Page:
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  1. Essentially yea. The game doesn't need any actual AI but if you give designer more options then you could have much more competent scenario AI. Triggers based on % casualties for an AI group, AI group SOPs and so on. Essentially ways for the scenario designer to say IF THIS THEN THAT for their plans. It'd make the AI more resilient and make scenario design far easier. As right now good design requires a ton of play through to get a feel for "most likely outcomes" and sort of prediction of what players will do. For example, I made an AI attack scenario a few years ago and essentially watched and recorded the results of a ton of slight variations of an attack. Like most of the AI creation time was just trying to figure out how well the attack went and then trying to see into the players mind. If I could have just said "DO this attack until X then do Y" it would have made a more competent opponent and not taking so many hours. --- If you look at my second example in my long post you can kind of see what I'm talking about. Essentially a trigger for % casualties suffered by AI group opens up a lot of options we don't current;y have. It isn't extremely different but each additional trigger allows for increasingly complex scenario AI design.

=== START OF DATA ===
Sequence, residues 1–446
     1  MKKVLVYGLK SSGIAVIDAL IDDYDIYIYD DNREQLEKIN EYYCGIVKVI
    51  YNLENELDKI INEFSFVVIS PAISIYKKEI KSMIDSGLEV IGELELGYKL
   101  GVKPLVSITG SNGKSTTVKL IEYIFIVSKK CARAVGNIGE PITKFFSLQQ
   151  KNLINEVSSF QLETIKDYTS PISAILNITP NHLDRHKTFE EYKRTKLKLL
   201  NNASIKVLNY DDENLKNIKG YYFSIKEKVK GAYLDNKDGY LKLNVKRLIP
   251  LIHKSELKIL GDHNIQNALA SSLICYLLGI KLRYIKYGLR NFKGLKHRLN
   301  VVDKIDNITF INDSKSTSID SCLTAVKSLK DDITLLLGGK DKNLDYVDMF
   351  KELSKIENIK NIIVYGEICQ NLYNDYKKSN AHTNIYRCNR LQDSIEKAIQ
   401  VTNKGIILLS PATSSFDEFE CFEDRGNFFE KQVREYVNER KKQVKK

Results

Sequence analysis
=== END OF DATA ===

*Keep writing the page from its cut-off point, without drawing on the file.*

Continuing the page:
2. The issue with a scenario is that both players will likely be capable of winning. I would suggest building a QB beforehand wherein your friend gets 4x to 5x your force. Essentially he should not be able to lose. For example: You have 1x Plt. of Soviet infantry, 1x platoon of T-34-76, maybe a mortar Your friend has 1x Company of Panzer Grens, 2x Plt of Panthers or a Panther and Tiger platoon, and some 105mm guns on-call. Essentially you are going to be more experienced and until he is up to speed you want to be able to at most give him a bloody nose but not really stop him. This will allow him to comfortably learn the game without being beat down by a pro. After he is comfortable with the game you can start bringing things up to parity.